Hopefully the gun shoots well when I get it out this weekend, and then I can start working on replacing the trigger, fixing the action, thinking about what kind of sights, etc. I was a little impulsive getting it, but I've been waiting for one to be available for so long (at a reasonable, non Gunbroker inflated price) that I couldn't resist.
 

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ShrinkMD said:
I have a friend who is very mechanically inclined, although he is not a gunsmith. From your differential diagnosis, it sounds like a sharp corner on the top of the lug might smooth itself out with lots of working the action, but that a too short tip of the lever requires a replacement part? Would marlin just send another lever, or does this require fitting?
Marlin wont sell you a lever. Often they swap right in but there are good chances it could need fitting. The lever dictates the final height of the locking lug too so a missfit one can cause headspacing issues as well as reliability issues if its not lining up the fireing pin halves. I'm thinking a slight radius on the top front edge of the locking lug would do the trick, but again, without holding it its hard to say. I will say I only know about the lever length being somewhat critical because I fixed one that somebody tinkered with. He figured out that the lever just pushed the bolt back & forth & decided to go to town polishing & rounding things. That and fiddling with earlier 1889 actions that have the same basic lockup but the lugs are cut square. Timing is critical in those and while not as critical in a 94, if things are far enough out of spec the same thing can happen. Anyway I'v never encountered a untampered with lever too short to get the bolt where it belongs. Dont mean it never happens though.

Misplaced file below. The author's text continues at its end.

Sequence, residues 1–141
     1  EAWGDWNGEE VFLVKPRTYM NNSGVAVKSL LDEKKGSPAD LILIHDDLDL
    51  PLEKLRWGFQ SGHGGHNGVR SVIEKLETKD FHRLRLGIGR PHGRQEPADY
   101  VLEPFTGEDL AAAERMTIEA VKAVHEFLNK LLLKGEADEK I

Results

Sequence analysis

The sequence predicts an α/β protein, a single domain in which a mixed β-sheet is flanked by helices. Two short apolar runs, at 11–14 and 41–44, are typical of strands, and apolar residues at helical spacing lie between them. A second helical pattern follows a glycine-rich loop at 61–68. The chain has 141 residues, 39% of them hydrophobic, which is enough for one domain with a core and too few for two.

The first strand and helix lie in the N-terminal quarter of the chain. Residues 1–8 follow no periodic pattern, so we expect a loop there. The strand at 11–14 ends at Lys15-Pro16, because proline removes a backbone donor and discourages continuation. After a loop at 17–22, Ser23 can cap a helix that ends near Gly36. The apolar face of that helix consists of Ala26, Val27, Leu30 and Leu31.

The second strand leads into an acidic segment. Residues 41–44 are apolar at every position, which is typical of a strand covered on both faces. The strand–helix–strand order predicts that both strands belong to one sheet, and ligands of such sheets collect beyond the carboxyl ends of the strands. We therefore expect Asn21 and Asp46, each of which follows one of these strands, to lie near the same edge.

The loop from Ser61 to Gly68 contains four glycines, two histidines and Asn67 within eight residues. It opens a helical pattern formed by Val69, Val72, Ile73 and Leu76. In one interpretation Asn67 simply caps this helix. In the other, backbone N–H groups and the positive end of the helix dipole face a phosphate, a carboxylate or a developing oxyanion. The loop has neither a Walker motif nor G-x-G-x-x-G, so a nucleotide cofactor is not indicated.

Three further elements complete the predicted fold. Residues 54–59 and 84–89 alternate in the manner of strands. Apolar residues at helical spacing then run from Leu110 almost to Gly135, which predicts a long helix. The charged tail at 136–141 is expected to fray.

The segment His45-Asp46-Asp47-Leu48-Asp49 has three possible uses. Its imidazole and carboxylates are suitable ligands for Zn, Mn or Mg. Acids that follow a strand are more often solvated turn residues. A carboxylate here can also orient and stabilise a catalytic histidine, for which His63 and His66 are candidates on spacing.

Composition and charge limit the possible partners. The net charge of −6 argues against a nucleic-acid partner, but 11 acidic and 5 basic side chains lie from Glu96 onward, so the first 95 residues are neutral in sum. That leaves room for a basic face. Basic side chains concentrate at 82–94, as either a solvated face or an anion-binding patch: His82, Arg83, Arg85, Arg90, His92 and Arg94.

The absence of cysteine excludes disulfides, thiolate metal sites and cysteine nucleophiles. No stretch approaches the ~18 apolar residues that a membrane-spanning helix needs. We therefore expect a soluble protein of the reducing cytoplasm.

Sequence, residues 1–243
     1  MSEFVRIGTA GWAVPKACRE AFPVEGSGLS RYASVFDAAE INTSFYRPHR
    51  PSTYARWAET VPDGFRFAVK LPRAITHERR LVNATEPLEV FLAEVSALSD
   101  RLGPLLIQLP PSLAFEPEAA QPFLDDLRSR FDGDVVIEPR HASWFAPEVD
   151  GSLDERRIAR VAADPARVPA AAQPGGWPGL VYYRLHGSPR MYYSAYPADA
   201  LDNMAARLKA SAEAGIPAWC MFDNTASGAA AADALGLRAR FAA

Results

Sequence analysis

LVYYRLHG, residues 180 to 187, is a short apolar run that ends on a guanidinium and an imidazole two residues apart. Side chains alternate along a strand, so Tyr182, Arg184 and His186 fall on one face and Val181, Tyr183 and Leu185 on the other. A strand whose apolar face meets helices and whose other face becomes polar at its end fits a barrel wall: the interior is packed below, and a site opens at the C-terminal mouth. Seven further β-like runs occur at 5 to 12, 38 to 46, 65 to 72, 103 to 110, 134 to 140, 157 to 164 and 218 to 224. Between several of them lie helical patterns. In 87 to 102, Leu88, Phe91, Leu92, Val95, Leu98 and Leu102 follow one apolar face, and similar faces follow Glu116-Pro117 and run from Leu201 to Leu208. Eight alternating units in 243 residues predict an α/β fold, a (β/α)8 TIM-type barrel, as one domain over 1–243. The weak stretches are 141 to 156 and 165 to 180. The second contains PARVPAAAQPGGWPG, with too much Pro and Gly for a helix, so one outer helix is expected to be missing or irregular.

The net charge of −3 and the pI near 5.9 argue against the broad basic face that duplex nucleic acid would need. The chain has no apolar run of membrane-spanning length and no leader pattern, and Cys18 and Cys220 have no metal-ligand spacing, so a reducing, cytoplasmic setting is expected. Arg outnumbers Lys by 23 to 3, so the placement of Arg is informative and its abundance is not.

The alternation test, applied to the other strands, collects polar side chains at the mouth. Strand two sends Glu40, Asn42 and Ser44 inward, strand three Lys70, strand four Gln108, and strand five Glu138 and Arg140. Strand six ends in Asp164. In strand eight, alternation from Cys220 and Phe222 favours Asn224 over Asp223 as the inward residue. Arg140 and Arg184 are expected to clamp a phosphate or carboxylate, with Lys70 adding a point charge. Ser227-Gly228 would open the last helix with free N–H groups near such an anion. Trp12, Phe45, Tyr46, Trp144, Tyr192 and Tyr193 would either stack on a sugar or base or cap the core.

Hopefully the gun shoots well when I get it out this weekend, and then I can start working on replacing the trigger, fixing the action, thinking about what kind of sights, etc. I was a little impulsive getting it, but I've been waiting for one to be available for so long (at a reasonable, non Gunbroker inflated price) that I couldn't resist.
The 1894C is a very fun gun. I like reciever sights myself & would likely put a Williams FP on it. I'd probably get the side drilled & tapped too, but thats just me, I think thats where a reciever sight is suposed to go. I wouldn't replace the trigger, but many do & swear by the WWG happy trigger.
 

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I agree with Leverdude (of course) however all of my new stainless Marlins were really rough out of the box and a couple would repeatedly jam when levered slowly. It got much better with time. In fact it just about makes you cry when you lever a new gun and than lever a 50's or 60's one. Somebody told me that Dave Clay and Wild West hand fit all the actions on new guns they customize.
 

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Discussion Starter #13
Dave Clay and Wild West hand fit all the actions on new guns they customize.
I thought I read some advice somewhere arguing against an action job on the lever actions, with the thought that lots of working the action can accomplish the same effect for free, as well as not causing undue wear on the parts. Any thoughts on this?

I would be tempted to send the gun out to someone who would "rebuild" it and make it fit together like it really should. What does that cost, and who does it? Although I will probably do the Wild West trigger myself, it is tempting to send it off, say "Install the Marble's or Lyman tang peep sight, change out the front sight for something thinner, install the WW trigger...) Probably cost the same as buying the gun in the first place.
 

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Discussion Starter #14
I called Marlin today, and after being brushed off by one customer service rep to ship it in on my dime, I asked for a supervisor but the nice person on the phone said he would send a label out for me to return it.

I will describe the problems with the lever getting stuck, as well as the numerous scratches on the stainless parts. There is also a part of the forearm which isn't finished smoothly. May as well point out all the problems and see what they do. Even the proof stamp on the barrel is a little blurry and not crisp like the other one I have. LEMON!